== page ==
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Hannah Interviews Denise McCabe

Welcome to Hannah Interviews the second in an occasional series where I interview authors I admire. The questions in each interview are based on the Proust Questionnaire and I hope they will offer an insight into each author and their books. For this interview I am delighted to welcome Denise McCabe, an author of children’s fiction, a thoughtful blogger and a wonderful person. Over to Denise and I hope you will enjoy the interview.

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What are your favourite qualities in a man?
The most attractive thing I find in a man is someone who can make me laugh. Also confident in themselves and treat you as an equal.
What are your favourite qualities in a woman?
Strong, independent. Ones who support and don’t feel the need to compete against each other and who is up for a bit of fun.
What do you appreciate the most in your friends?
Loyalty and knowing they will be there for me no matter what. One who I can be comfortable with and tell absolutely anything to and I know they’ll keep it with them and they won’t judge me.
What is your main fault?
How long have you got! I suppose I am quite impatient. I tend to start things and if I don’t get hang of straight away I walk on to the next. There are times I can jump into things too quick, and while sometimes it can work out, others it’s “Oh dear, maybe, just maybe should have given that one a few more moments of thinking!”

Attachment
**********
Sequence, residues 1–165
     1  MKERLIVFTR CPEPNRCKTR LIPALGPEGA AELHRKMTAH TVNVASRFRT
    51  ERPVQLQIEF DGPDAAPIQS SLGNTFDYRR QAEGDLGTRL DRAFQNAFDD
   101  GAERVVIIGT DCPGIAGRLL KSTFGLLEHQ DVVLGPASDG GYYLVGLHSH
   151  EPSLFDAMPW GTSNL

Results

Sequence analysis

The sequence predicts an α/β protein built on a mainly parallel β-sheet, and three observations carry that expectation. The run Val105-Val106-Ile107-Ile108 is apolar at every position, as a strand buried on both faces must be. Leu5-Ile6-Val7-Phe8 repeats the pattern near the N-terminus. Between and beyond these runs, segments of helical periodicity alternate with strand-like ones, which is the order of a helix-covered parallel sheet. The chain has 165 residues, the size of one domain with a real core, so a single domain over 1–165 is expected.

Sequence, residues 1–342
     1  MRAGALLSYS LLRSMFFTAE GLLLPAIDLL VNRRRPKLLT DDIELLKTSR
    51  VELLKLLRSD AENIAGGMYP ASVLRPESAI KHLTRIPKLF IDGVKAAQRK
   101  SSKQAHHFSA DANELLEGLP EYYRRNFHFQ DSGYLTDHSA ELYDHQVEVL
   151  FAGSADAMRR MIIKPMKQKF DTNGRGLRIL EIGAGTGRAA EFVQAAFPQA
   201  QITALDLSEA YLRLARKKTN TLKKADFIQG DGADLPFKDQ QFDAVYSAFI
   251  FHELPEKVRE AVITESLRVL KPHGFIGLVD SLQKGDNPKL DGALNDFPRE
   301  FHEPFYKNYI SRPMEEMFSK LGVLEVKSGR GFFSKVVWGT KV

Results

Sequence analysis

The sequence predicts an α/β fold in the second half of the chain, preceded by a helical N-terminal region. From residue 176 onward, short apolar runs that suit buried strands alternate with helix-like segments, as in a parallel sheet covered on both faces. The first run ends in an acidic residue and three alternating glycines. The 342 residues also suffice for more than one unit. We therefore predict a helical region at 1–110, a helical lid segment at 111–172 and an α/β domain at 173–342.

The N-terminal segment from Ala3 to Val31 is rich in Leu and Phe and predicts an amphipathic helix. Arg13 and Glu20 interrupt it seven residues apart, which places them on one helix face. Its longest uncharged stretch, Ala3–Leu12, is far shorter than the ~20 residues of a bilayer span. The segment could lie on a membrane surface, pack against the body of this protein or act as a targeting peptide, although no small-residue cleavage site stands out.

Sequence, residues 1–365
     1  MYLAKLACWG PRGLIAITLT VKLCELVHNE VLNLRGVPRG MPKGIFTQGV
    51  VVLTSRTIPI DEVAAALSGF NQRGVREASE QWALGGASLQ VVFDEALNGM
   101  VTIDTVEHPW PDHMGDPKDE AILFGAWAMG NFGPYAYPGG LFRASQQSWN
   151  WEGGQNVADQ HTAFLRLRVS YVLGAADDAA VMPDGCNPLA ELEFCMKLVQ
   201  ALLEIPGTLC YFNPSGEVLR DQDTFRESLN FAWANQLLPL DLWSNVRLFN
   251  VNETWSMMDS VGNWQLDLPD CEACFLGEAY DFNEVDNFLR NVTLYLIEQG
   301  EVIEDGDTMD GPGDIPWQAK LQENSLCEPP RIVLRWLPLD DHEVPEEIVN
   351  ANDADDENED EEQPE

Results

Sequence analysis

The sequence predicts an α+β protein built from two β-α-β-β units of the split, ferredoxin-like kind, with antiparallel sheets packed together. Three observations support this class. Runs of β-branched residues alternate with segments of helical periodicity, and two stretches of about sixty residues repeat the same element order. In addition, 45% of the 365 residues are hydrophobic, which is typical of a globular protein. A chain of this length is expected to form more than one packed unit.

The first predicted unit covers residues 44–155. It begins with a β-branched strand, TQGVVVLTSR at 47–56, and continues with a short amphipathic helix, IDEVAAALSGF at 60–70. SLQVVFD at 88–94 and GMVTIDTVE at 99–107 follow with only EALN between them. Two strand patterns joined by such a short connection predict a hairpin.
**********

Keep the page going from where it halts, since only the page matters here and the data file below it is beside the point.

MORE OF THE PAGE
What is your favourite pastime?
Reading, listening to music and of course writing. One of my goals is to get into song writing, I love Irish ballads so currently I’m trying my hand at that.
What is your idea of happiness?
Having a good balance of life and not getting bogged down by things that are out of your control. Enjoying the now and accepting what you have. While I have my hopes and dreams, sometimes it can be just the simple things in life like chilling out in the park joining in playing with the kids, listening to a favourite song and having good positive people around me who I can just have a good chat and a laugh with.
If not yourself, who would you be?
Hard one to answer as so many people admire through the ages for various reasons, so if I was to be someone for a while maybe, as I’ve always been fascinated with the thoughts of other life existing out there so would love to be an astronaut for a bit to see if I could discover other planets, other life.
What is your favourite colour and flower?
Baby blue and sunflowers.
Who are your favourite painters and musicians?